A Simple Framework for Contrastive Learning of Visual Representations
A couple of thoughts.
- I wonder how much of this is an actual framework of code, or just ideas.
- Contrastive Learning, so I’m expecting semi-supervised learning
- Visual Representations: not sure why they didn’t just say images? Is there more to visual representations than images?
- What’s new in the paper?
- Do you have a clear overview about what the paper is all about?
We simplify recently proposed contrastive self-supervised learning algorithms without requiring specialized architectures or a memory bank.
The novel approach seems to be a simplification of other contrastive literature.
In order to understand what enables the contrastive prediction tasks to learn useful representations, we systematically study the major components of our framework.
Citing three discoveries:
- composition of data augmentations plays a critical role in defining effective predictive tasks,
- introducing a learnable nonlinear transformation between the representation and the contrastive loss substantially improves the quality of the learned representations, and
- contrastive learning benefits from larger batch sizes and more training steps compared to supervised learning.
Number three is an iteresting discovery, while two I haven’t quite wrapped my head around, and one seems obvious, but I hope they can provide some compelling data for it.
By combining these findings, we are able to considerably outperform previous methods for self-supervised and semi-supervised learning on ImageNet.
It seems to be a leap forward in performance, but still does not appear to be better than supervised, which opens interesting possibilities.
They state parity with top-1 accuracy as ResNet-50 (which is decent I’d say) and competes with Alexnet against 1/100th of the labels. Although the results are not ground-breaking, it does seem to be promising.
I’d say from the abstract, their actual framework is not obvious. They mostly presented results, so I need to figure out what exactly they do for that.
3. Look at the images and extract a set of “questions” about what is not clear about their method from the images. Now your job is to answer these questions by reading the paper.
So it actually does look like a fairly simple framework, and looks to clearly depend on having well-engineered augmentations (however for some vision tasks, these may already have been done).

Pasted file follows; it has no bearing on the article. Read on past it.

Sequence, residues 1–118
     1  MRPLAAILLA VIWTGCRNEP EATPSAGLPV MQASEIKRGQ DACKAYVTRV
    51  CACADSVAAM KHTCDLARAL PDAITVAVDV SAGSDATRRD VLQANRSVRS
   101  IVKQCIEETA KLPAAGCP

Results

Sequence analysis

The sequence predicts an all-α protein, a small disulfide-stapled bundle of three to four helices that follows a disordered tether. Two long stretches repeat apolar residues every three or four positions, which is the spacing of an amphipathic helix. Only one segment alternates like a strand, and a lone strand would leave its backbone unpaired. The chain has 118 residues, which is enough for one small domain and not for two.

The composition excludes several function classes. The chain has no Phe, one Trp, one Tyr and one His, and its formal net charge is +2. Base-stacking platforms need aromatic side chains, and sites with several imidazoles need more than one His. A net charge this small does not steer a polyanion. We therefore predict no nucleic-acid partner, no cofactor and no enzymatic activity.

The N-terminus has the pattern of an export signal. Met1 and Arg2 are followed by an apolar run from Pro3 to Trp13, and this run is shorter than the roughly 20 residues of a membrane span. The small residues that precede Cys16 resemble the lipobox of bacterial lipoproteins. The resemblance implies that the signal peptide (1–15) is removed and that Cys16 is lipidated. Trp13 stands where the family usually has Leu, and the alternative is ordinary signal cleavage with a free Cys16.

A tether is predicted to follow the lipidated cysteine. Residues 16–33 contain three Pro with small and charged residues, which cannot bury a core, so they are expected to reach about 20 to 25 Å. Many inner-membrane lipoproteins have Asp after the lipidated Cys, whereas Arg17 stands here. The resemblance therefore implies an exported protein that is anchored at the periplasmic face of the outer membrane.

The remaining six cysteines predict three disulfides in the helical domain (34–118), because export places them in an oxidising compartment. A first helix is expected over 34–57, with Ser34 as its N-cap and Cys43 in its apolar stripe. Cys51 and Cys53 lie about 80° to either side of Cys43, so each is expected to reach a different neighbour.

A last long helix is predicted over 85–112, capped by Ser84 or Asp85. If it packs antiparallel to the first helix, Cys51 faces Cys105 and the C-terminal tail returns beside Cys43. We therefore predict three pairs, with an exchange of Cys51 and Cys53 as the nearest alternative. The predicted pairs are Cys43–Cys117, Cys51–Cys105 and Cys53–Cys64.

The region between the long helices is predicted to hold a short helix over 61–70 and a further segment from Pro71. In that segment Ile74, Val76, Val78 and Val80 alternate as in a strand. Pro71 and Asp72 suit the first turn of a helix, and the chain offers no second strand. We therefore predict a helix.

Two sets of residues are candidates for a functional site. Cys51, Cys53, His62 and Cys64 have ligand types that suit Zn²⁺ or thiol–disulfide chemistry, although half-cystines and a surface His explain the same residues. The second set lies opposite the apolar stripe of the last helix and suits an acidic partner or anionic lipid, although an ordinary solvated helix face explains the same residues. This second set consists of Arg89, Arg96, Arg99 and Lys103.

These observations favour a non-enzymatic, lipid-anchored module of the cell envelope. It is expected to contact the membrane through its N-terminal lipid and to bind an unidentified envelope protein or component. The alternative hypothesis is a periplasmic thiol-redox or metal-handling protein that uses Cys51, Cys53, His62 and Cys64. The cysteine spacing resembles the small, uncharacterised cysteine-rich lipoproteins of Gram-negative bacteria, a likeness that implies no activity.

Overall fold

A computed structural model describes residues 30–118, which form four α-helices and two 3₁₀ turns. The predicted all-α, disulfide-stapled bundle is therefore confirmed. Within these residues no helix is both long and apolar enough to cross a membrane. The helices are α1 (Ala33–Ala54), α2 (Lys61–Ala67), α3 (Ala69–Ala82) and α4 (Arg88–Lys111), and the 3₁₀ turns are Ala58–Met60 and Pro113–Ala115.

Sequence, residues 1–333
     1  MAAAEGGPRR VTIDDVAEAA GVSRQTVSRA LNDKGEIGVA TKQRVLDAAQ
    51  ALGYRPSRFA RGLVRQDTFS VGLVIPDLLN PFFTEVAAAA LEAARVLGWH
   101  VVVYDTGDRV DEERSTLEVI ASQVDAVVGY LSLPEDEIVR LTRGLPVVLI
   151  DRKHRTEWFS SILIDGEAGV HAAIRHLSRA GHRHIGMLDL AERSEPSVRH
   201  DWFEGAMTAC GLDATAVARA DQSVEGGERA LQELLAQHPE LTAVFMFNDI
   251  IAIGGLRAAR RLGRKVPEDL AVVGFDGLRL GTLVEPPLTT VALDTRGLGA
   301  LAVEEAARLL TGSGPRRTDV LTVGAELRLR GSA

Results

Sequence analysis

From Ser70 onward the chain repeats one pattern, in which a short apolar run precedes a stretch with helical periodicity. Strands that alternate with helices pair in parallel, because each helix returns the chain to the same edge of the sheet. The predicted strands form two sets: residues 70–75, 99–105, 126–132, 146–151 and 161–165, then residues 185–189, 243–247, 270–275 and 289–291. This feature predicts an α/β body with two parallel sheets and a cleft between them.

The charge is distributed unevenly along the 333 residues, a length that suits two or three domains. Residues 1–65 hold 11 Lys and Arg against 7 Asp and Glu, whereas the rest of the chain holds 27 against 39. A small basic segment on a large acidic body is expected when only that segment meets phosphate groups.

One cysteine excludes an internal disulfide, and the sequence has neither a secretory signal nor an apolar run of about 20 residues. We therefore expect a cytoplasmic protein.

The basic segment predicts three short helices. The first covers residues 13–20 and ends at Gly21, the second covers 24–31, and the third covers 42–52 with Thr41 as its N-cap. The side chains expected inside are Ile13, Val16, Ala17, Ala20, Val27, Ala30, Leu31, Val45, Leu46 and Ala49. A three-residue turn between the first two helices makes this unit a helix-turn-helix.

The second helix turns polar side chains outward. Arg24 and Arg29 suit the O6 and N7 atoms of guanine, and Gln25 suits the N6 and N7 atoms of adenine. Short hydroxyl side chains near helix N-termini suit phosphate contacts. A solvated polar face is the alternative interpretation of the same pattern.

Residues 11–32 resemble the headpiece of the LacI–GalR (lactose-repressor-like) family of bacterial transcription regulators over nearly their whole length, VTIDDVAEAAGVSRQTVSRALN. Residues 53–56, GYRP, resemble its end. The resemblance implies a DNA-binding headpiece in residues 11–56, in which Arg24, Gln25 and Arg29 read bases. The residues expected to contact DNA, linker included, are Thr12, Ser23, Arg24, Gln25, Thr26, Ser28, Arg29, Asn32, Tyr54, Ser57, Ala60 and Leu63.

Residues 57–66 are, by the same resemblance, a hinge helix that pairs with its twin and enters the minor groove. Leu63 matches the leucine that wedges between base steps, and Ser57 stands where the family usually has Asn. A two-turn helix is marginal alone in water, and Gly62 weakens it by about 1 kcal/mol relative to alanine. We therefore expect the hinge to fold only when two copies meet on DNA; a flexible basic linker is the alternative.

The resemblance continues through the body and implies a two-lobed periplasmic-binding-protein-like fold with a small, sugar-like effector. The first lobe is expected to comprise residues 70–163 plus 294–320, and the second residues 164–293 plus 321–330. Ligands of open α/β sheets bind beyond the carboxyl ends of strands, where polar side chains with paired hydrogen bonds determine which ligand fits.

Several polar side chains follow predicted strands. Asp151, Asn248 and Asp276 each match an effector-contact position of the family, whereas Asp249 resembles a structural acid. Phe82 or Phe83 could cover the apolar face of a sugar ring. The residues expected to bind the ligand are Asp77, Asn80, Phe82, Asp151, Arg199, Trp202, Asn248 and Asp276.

A couple of images are used to describe the augmentations. It seems like much of this paper will be understanding augmentations.
4. Read the method aiming to answer your “questions” about the paper. Focus on understanding only the things relevant for the story (i.e., to understand the contribution).
To see their method it is in short:
SimCLR learns representations by maximizing agreement between differently augmented views of the same data example via contrastive loss in the latent space.
This is a simple explanation of their idea. This provokes me to the question, what if the augmentation is not from a augmentation function but from the simultaneous recordings of the same data with different devices (ie two pictures taken at the same time with different cameras of the same dog). It may only complicate the task, or it may provide more stimulating learning tasks.
There are four pieces to the framework:
- Data Augmentation Module: this is an important function considering so much of the paper is devoted to augmentation. This module from the framework does as follows:
transforms any given data example randomly resulting in two correlated views of the same example, denoted and , which we consider as a positive pair. In this work, we sequentially apply three simple augmentations: random cropping followed by resize back to the original size, random color distortions, and random Gaussian blur.
- Base Encoder which is ResNet
- Projection Head which is a 2 layer MLP
- Contrastive Loss Function for this I’m still confused because they say they don’t explicitly sample negative examples, but treat the other 2(N-1) examples in minibatch as negative examples. Hopefully I can clear this up. They term the loss as NT-Xent (the normalized temperature-scaled cross entropy loss).
Essential Color Change
color histograms alone suffice to distinguish images. Neural nets may exploit this shortcut to solve the predictive task. There- fore, it is critical to compose cropping with color distortion in order to learn generalizable features.
This is a good find.
There are many more results they include I do not go into. The paper is well written with a lot in it.
5. Read the experiments to convince you that the show results are caused by their claim. Be aware that the experiments highlighted are the best scenarios and are fully hyper-parameter tuned.
This image I found to be very interesting, where they show their results with using a single, double data augmentation. Metric is ImageNet top-1 accuracy:
There were many experiments, so I haven’t covered all of them. They essentially all point to the expected results:
- More data is needed
- Self supervised learning is able to leverage bigger models (4x ResNet)
- Less labels can be used
- Not yet as good as supervised learning if enough labels, but getting close.
- Augmentation choices make significant differences.
6. Make sure you answered all your questions. Did the authors convince you that their story has the effect that they claim?
They conclude with:
The strength of this simple framework suggests that, despite a recent surge in interest, self-supervised learning remains undervalued.
I don’t know if I agree with that, but I think this paper was written in 2019, and times change. I still need to spend more time understanding the actual implementation of the loss function and how they get negative samples, that is by biggest misunderstanding yet. However, I see the value of low-label regimes that have tasks were unsupervised data is easy to come by.